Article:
I bought my first Crusader Cup in 2008. Thus far, it’s worked quite well and I’ve had no, unexpected issues with it. I’ll have to admit that I have begun to favor it, especially in conjunction with the Heavy Cover ® Boil Cover, over my GI version for excursions taken with my Mountainsmith Lumbar Day Pack (see link below). However, as a primary pot or as part of a system for BugOut packs, I’d have to put some more thought into it given the fact that it isn’t readily compatible with U.S. gear unless you purchase the whole Crusader Integral System (water bottle, mug, Crusader Cup, and Crusader Cooker) for $45- $60 and then find a suitable carrier, which adds even more to the price tag.
That’s a considerable chunk of change compared to U.S. 1 quart canteens that can be had for $2 - $6, the GI Canteen Cup which run roughly $7 - $15, and the GI Canteen Cup Stove which is out there for around $3; all of which fit neatly into either the ALICE or MOLLE canteen carriers. It’s also something to consider if you’re contemplating this for a young adventurer. (I even remember, because it was about the time I was looking for a source to purchase the cup, this Integral System, at one time, being listed on eBay as part of a 'package' which included the Gerber LMF II Survival Knife. [see link below])
The Crusader Canteen Cup comes with a: “Guarantee – This product is guaranteed against defective workmanship and materials for 12 months. The guarantee applies only to the original purchaser. This does not effect your statutory rights.” Okay. But, at a price tag of $15 - $20, how much is the shipping gonna cost vs. simply replacing the cup?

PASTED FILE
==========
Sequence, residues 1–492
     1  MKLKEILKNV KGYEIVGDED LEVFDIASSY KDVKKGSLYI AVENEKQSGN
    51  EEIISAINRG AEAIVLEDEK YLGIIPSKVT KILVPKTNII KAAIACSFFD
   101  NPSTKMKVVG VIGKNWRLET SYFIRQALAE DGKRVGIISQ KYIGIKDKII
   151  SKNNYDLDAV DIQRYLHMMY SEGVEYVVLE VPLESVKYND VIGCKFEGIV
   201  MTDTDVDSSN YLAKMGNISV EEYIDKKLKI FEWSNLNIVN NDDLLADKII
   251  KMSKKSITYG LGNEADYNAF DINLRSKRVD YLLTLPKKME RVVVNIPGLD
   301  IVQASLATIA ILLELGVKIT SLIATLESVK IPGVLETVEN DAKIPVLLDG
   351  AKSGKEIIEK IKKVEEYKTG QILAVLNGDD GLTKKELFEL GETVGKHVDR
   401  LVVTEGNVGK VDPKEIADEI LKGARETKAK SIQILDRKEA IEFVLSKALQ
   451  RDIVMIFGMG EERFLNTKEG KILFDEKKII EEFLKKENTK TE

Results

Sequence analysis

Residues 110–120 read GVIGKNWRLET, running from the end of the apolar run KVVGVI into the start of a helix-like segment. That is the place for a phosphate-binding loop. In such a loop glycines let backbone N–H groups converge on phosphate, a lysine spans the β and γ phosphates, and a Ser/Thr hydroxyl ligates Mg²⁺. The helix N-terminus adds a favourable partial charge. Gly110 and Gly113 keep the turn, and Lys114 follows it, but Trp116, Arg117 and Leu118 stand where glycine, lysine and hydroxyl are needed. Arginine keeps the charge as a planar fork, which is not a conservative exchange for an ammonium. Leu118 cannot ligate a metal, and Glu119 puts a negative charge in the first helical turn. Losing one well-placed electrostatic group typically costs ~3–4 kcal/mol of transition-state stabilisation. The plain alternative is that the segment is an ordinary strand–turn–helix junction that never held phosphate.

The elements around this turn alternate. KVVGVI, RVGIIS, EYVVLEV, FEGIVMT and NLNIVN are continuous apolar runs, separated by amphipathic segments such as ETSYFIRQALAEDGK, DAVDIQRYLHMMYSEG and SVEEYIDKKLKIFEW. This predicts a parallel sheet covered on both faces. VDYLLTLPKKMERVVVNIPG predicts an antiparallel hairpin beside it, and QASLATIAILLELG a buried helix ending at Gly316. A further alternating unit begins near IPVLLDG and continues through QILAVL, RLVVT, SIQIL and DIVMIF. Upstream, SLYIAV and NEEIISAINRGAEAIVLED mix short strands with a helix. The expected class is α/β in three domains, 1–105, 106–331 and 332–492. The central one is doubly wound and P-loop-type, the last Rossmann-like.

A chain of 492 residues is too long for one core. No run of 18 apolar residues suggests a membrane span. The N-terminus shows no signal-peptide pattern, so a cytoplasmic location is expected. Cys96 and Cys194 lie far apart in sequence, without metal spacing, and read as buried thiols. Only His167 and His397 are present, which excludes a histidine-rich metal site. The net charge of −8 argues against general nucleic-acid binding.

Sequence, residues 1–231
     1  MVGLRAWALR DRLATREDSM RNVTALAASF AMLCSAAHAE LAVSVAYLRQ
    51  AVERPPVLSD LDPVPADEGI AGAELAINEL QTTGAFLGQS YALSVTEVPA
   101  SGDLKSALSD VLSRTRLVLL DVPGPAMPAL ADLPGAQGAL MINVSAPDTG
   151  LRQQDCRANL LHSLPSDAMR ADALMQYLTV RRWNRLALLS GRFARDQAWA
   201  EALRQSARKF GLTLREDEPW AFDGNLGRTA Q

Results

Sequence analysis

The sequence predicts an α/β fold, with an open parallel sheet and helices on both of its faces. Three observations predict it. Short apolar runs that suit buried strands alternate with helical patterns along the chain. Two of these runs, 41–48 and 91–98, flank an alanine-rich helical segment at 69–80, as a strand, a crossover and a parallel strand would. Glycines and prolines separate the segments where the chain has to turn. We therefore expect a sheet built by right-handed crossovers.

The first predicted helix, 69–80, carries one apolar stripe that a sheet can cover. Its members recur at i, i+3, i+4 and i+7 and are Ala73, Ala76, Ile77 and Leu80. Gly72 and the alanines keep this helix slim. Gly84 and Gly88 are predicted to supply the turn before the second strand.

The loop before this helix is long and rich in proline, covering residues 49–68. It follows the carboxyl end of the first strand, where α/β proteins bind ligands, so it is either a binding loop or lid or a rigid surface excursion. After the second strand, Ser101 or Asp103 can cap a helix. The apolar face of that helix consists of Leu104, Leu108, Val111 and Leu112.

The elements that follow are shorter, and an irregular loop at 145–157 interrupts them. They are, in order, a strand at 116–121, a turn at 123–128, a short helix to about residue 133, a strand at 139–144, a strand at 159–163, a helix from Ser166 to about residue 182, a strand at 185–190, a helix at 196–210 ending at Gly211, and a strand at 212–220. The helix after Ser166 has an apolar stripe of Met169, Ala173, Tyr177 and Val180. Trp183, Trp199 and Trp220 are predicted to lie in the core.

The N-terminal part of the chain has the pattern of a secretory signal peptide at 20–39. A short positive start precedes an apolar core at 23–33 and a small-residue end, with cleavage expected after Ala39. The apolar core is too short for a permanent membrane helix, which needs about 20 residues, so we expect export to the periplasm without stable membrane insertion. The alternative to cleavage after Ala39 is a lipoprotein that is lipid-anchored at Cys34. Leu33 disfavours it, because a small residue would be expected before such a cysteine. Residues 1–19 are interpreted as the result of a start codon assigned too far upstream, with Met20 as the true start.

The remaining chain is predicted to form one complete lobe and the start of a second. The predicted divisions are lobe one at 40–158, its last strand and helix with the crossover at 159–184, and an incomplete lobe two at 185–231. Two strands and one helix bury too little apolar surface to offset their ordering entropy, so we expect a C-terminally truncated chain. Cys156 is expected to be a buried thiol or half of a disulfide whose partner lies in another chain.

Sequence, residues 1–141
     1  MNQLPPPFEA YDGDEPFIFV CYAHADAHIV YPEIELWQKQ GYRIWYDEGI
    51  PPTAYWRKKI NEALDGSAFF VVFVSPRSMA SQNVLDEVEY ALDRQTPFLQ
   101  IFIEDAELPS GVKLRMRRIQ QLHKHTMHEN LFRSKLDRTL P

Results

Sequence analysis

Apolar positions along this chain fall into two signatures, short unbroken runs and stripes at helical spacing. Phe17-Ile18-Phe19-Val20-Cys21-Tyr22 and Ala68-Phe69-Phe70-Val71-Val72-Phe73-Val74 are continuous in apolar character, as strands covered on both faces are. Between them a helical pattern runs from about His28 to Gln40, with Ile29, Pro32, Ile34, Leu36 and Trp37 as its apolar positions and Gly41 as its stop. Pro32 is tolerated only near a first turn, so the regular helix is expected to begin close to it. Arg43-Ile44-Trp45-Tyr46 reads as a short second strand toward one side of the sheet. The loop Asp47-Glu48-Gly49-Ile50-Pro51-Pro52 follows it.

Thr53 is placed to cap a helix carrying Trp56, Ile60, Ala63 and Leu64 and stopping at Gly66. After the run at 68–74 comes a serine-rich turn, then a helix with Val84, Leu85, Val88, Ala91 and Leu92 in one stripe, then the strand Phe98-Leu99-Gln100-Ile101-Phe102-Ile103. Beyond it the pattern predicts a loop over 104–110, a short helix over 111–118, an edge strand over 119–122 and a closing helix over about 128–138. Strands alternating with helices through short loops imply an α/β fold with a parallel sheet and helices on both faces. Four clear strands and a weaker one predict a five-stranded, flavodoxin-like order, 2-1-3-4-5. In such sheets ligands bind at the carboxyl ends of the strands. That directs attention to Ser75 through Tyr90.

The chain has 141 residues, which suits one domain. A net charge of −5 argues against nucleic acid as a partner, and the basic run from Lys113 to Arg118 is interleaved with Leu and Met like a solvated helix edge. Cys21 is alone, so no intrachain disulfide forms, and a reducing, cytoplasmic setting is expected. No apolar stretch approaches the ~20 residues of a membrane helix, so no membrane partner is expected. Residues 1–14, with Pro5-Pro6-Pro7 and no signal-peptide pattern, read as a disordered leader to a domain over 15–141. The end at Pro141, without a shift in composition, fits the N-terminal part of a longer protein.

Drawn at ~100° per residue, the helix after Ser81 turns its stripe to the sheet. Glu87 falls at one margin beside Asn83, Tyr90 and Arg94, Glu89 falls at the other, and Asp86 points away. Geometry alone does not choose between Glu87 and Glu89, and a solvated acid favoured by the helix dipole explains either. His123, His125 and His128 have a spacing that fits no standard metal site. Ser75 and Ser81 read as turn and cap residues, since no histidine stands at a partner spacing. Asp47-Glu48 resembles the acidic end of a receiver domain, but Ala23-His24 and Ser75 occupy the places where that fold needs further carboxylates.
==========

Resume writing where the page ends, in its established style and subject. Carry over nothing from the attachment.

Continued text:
For dedicated Bear Grylls fans, his setup carrying his water bottle and Crusader Canteen Cup on a piece of paracord slung over his shoulder is, obviously, a viable method. But, it’s not something I’d see as a truly practical other than an extreme emergency. Likewise, his constant immersion of the cup (not to mention his drinking bottle) in questionable water sources means that you’d better heat the cup/boil the water in the cup before using it to eat or drink anything therefrom. (He’s got one episode in Costa Rica or some such place with ‘jungle’ where he ends up with what he describes as a ‘tummy bug.’ He wasn’t sure whether he came in with it or picked it up from drinking untreated water or eating something bad or some combination. But, the lesson is there to be learned – staged for the program or not.)
All in all, the Crusader Canteen Cup has turned out to be a surprisingly decent alternative to the U.S. GI version; with many of the same advantages and mitigating a couple of the disadvantages. In a sense, if you want an entire system, the Crusader Integral System does, on its face, have advantages over U.S. GI surplus; for a price. (If you haven’t seen Bear Grylls’ program [and I don’t think he’s ever used the whole system], there is/are YouTube videos which provide excellent, detailed footage.) Even without the system, the Crusader Canteen Cup is a very utilitarian item for your general camping or hiking kit. Whether you go with the silver or coated finish, it has proven excursion worthy. Gee, I guess there was something educational about Man vs. Wild after all…
Outdoor Cookware Reviews
U.S. GI Canteen Cup
Heavy Cover ® Canteen Cup Boil Cover
Heavy Cover ® U.S. Military Canteen Cup Lid
Esbit Folding Pocket Stove
Esbit Solid Fuel Cubes
GI Type II P-51 Can Opener
GSI Glacier Stainless Steel Bottle/Cup
GSI Glacier Stainless Steel 5-piece Cook Set
GSI Glacier Stainless Steel Tea Kettle
GSI Outdoors Mini Spatula
Lodge Logic 8" Cast Iron Skillet
MSR Alpine Cook Set
MSR Stow Away Pots
MSR SuperFly Stove
MSR Universal Canister Stand
Sierra Club Cup
Snow Peak Trek 900 Titanium Cook Set
Zebra Stainless Steel Loop Handled ("Billy") Pot
Other Cited Reviews
Mountainsmith Lumbar Day Pack
Gerber LMF II Knife